A saddle fit with an interesting, if disturbing outcome...

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A saddle fit check that was money VERY well spent....

As rocky has now been in work a couple of months, I thought it was time to get his current saddle checked for its fit, not that I felt anything was wrong, simply to check that rocky was comfortable in it.

Martin Andrews was my chosen saddler, he is a qualified saddle fitter and  a member of the Master Saddlers Association, bringing a wealth of knowledge and experience with him.

Martin arrived and after an initial briefing of Rocky and what he is up to etc it was time to saddle up. His current saddle is a super, if old, working hunter, ideal for the straighter shoulders, and has been doing a great job – or so I thought.

I knew this saddle was never going to be his forever saddle, it was bought especially for the initial stages of training, until he has developed sufficiently to buy him a dressage saddle.

What I wasn’t expecting was for Martin to begin walking to his van with my saddle and suddenly turn around to say ..... THE TREE IS BROKEN!!!

Well, the term shell shocked was perhaps how to describe how I felt, ashamed, sad, cruel, all these feelings shot through me at an alarming rate and I stood there looking at Martin, the saddle and Rocky absolutely speechless.

On purchasing the saddle I had done the usual checks, stirrup bars ok, girth straps fine, even the “pull the pommel to cantle to check for a broken tree” check!!! All of which passed with flying colours.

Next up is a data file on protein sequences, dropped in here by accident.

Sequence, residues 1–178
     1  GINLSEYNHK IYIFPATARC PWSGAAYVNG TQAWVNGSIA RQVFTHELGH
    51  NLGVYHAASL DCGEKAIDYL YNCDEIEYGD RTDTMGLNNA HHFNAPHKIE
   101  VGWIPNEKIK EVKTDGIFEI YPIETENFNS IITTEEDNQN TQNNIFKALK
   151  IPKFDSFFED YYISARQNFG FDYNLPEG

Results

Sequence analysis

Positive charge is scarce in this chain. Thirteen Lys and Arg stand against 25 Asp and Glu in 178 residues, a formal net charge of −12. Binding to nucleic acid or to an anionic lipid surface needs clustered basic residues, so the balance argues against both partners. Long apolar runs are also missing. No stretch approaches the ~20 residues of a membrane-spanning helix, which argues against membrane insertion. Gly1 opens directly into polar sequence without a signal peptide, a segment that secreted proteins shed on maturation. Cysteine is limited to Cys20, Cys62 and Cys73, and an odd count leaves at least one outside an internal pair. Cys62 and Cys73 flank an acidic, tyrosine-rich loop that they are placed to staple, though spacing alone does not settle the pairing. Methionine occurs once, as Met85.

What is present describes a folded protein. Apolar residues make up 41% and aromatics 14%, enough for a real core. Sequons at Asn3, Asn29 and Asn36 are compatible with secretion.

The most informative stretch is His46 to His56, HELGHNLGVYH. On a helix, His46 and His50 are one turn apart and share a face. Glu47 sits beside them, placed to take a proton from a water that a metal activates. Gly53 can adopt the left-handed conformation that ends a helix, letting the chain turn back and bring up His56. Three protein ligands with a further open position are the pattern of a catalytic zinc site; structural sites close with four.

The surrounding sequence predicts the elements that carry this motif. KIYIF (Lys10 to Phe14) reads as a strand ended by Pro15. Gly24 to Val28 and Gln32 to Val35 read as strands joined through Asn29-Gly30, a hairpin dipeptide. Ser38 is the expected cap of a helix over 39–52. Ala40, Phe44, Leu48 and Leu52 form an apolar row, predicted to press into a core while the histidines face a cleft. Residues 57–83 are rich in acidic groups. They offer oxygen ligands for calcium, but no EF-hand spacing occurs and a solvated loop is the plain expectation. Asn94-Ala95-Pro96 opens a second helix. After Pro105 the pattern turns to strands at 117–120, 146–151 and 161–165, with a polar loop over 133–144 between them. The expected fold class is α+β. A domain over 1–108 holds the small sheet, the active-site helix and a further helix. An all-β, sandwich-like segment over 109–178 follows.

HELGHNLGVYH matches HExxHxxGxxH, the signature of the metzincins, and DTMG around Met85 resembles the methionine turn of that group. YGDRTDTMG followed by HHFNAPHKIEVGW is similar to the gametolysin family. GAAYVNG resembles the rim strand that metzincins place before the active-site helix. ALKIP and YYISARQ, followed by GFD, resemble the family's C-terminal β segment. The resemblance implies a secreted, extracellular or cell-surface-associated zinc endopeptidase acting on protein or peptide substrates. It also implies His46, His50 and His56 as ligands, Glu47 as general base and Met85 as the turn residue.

Now whilst in my care, the saddle has never been dropped, handled badly, has been left with rocky to play with (as youngsters do!) or anything that would cause a broken tree, or even a scratch come to that. I am very careful with my tack!

So to hear those words “the tree is broken” was not only a surprise but questionable too.

I couldn’t apologise enough to both Martin and Rocky, but Martin pointed out, I needn’t feel guilty as I didn’t know and only he after unstitching the panels could be 100% sure, as the tree from cantle to pommel was fine, it was just a minute movement between the points of the saddle that raised suspicion.. I should only feel guilty if I knew it was broken and kept using it! Fair point, but oh boy it didn’t make me feel much better.

On examining the saddle, it was the pommel part of the tree, the metal plate, had sheared in half, not an easy task, and definitely nothing I had done, that part made me feel better!

I had luckily another saddle there to try, purely coincidental but very pleased I had it! This one is another 2nd hand one, but has been checked over and over and then over again!! It does fit him too, luckily, so we are not left without a saddle to use.

We spent over an hour and a half ensuring the “new” saddle was the perfect one for him, riding him in the school, making odd adjustments, then riding him again, and so on. 

Rocky hasn’t done much recently, purely due to my time constraints, but was as usual unfazed by all the mounting up, dismounting, try this, try that etc... and behaved impeccably.

Baring in mind what pressure that old saddle must have been putting on him, it is a testament to Rocky and his attitude that at no point has he said NO or been awkward to ride, but it does explain a few of his tight spots.

He has an appointment with Lucy Morgans on Tuesday  for an equinology session to ensure his body is absolutely fine before embarking on more ridden work, until then he shall be a man of leisure!

I cannot emphasise enough the need to get your saddle checked, by a qualified and recommended one at that. Also the fact that your saddler should see you ride in the saddle, the un-ridden horse can have a saddle fitted which is fine in halt, but then when the back engages, can alter the fit if that saddle dramatically.

I now need to go put some money on the lottery to buy a new, if still 2nd hand, saddle for this special boy. Wish me luck!!

Here are two pictures of the broken tree:

 Broken tree

Broken tree 1


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